A Web Designer & Developer in Wichita Falls, TX. Working for Crane | West Advertising Agency.
James Fleeting
 
10 May

HTML5 localStorage – Part One

We all know how awesome the future of the web will be with HTML5. This new spec has some amazing potential and is already getting a lot of use. From the new tags like section, article, header and footer to the video debate taking center stage with Apple vs Adobe. There are so many great things about HTML5 but today I want to go over just one; localStorage. Many of you may not have heard about localStorage or may not fully understand how to use it.

First lets start off with what localStorage is. Basically it is a client-side database. That is a database that resides in the users browser and not on your server. The difference between this database and others you may be familiar with resides in that this is for key-value storage. This means you won’t be writing some crazy sql intense application while using localStorage. However, this type of storage does offer a lot of possibilities for web apps. Remember one thing though, since this is client-side, the data stored will be on a per browser basis. If a user switches between Safari and Firefox, it won’t use the same database. Same if they use your app on one machine and go to another somewhere else, that data will only be available on the machine it was created/saved on. One last thing before jumping into some code is browser support. We all know that browser support is important depending on your target audience with your app. In this case localStorage is supported by most modern browsers including Safari 4+, Mobile Safari (iPhone/iPad), Firefox 3.5+, Internet Explorer 8+ and Chrome 4+.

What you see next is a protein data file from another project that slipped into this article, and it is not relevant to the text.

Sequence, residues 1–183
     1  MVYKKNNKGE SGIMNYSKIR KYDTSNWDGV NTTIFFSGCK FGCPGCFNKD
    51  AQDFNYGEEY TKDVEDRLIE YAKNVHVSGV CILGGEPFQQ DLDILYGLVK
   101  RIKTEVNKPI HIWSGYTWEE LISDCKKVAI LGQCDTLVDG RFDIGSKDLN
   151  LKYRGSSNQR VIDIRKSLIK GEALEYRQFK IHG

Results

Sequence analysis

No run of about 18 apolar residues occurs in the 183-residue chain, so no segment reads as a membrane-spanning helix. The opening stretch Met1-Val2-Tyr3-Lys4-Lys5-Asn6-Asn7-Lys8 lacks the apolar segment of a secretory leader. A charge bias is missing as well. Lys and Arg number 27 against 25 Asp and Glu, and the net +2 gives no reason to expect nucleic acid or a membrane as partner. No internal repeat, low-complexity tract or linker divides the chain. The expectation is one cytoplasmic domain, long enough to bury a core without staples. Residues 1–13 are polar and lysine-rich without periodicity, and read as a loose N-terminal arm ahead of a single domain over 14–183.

Now lets get into some code. Where localStorage differs from cookies or sessionStorage is that the data stored in localStorage is still there even after the browser is closed and is shared across multiple windows. You don’t have to worry about a user deleting the cookies and all their data. A quick note; because of my love for jQuery, I will be using jQuery when using localStorage. However, jQuery is not required to do any of this, I just like how clean it makes everything look. First lets see a simple example of using localStorage.

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localStorage.setItem("name", "Hello World!"); //saves to the database, key/value
document.write(localStorage.getItem("name")); //Hello World!
localStorage.removeItem("name"); //deletes the matching item from the database

Can’t get much easier then that. Line 1 saves a new entry in the local database with the key of ‘name’ and the value of ‘Hello World!’. That pair is now stored in your browsers database. Line 2 gets the item from the database with the key of ‘name’. In this case would then return ‘Hello World!’. In line 3 we remove the item from the database. Due to browser specific quotas you would want to check for exceptions so you would change line 1 above to the following.

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try {
	 localStorage.setItem("name", "Hello World!"); //saves to the database, "key", "value"
} catch (e) {